Folly’s entrance is shared with another restaurant, called Publique. Two reception desks stand side by side, manned by two hostesses, one in black, one in red, both wearing the hopeful look of anticipation on their faces.
Ultimately, every time a group walks through those doors, one hostess is going to be left disappointed. It’s a cruel, cruel world we live in.
Folly is a new venture from Nick Alves and Scott Price, two pioneers of Dubai’s food scene, aspiring to cook Michelin star menus before anyone else in the city. Two young chefs that have scooped up all the important awards Dubai has to offer, had been flying Gordon Ramsay’s flag for several successful years before launching their own Table 9 restaurant.
After spending a few years on the fringes of the culinary world, launching a range of meal products for Spinneys and running Taste Kitchen in locations that time has not been kind to, Nick and Scott have returned to the spotlight with an ambitious, elaborate and bold venture. Bringing in the charismatic Viktorija to help run the service can only strengthen their reputation.
Located up a steep flight of stairs, Folly seems to be spread over about fifteen floors of the Souk Madinat, with the main dining room and terrace, an upstairs terrace bar, another upstairs terrace bar upstairs and then a rooftop terrace.
The main dining room is quite masculine in feel, with dim lighting, house brick, dark wood and concrete and tile flooring. The menus are leather, and the cutlery is stacked in wooden blocks on the table. It is an odd canvas for the type of food promised on the menu.
It is almost as if the cocktail menu designed the space, and then the food came afterward. Which is crazy, because cocktail menus can’t design anything. They are just menus.
We sat at a banquet table overlooking the bar that is tucked away in the corner and the very open kitchen that was the center of attention in the dining room. Strangely, the kitchen operated in almost full darkness, with a solitary fluorescent lamp in the back providing the only illumination.
The kitchen was full of movement and shadows, chefs scurrying around, cooking, plating, heating, fluffing and doing general cook stuff, moving in and out of the darkness like poorly dressed ninjas in whites. Rumour has it, in the far depths of the kitchen, one chef has been in the dark for so long, she has developed an angel fish-like head torch in some genetic evolutionary miracle and no longer has a need for the sense of sight. She cooks on touch alone.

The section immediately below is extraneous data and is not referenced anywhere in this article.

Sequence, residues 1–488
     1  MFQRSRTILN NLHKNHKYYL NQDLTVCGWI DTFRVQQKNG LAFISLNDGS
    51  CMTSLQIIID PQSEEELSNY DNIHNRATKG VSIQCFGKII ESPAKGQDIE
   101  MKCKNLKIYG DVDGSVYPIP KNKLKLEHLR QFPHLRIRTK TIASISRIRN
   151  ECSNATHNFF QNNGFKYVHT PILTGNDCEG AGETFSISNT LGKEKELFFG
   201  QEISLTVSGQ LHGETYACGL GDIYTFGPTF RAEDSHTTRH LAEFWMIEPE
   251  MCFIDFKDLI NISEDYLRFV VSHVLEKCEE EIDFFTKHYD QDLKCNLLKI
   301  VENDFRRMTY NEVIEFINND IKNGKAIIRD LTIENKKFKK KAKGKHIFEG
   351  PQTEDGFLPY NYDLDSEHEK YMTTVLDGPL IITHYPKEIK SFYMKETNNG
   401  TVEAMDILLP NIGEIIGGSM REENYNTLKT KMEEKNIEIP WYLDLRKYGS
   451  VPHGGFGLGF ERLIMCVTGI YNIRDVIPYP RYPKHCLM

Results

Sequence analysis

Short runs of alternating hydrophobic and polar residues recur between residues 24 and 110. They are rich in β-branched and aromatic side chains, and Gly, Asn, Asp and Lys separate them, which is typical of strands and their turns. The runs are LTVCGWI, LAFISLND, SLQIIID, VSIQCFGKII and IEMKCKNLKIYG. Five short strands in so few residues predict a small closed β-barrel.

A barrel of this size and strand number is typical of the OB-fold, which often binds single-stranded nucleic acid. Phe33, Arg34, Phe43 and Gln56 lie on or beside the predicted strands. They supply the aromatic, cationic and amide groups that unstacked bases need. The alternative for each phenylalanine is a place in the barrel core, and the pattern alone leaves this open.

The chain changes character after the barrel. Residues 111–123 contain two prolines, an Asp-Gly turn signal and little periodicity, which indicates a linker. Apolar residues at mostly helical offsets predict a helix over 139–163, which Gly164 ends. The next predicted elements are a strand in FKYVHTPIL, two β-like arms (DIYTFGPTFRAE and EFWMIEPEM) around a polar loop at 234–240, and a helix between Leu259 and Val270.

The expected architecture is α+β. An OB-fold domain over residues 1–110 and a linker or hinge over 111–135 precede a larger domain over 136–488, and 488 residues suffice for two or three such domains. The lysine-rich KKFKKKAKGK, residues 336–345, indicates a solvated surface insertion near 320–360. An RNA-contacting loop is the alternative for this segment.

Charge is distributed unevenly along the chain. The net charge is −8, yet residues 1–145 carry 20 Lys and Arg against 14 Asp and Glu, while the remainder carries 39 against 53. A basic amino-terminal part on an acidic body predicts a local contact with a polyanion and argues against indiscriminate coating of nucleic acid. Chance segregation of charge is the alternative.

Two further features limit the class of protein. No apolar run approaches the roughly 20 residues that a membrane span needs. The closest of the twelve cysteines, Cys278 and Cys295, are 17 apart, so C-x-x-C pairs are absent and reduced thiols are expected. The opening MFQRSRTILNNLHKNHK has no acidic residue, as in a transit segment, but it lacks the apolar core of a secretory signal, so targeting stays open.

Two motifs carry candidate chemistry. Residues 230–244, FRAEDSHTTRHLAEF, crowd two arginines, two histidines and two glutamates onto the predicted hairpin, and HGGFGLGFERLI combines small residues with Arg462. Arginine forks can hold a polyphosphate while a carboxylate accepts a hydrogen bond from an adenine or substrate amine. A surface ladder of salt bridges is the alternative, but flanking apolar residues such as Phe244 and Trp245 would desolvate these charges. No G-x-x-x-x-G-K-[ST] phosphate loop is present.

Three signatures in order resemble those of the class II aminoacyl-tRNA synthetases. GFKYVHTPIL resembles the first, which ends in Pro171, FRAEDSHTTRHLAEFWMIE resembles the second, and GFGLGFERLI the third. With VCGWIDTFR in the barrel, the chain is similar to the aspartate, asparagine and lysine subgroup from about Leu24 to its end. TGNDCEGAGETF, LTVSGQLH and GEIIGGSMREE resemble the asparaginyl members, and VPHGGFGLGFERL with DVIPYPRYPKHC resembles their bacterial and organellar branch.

The menu required a full instructional presentation by our well-intentioned waiter. As my dining partners have the attention span of a 4-year-old in a toy store, they lost interest quite early on in the explanation, and I was the only one paying attention by the end. Nick and Scott have prepared a selection of twenty-four dishes, across three price ranges and encourage you to try four or five dishes each, effectively allowing you to create your own degustation menu. Had our waiter used the words either tapas, meze or tasting menu in his spiel, we would have understood a lot sooner.
If Nick and Scott’s last venture was casual food in obscure locations, Folly is the polar opposite, with first rate, fine dining food in one of Dubai’s most premium locations. Folly means a lack of good sense, or foolishness – a tongue in cheek name for such an ambitious venture. However, they are backed by Gates Hospitality, who are fast becoming a haven for young restaurant entrepreneurs of Dubai.
Folly was a week old when we dined there – and like anything that is a week old, there needs to be a certain consideration for lack of co-ordination, communication, and general cohesive functionality.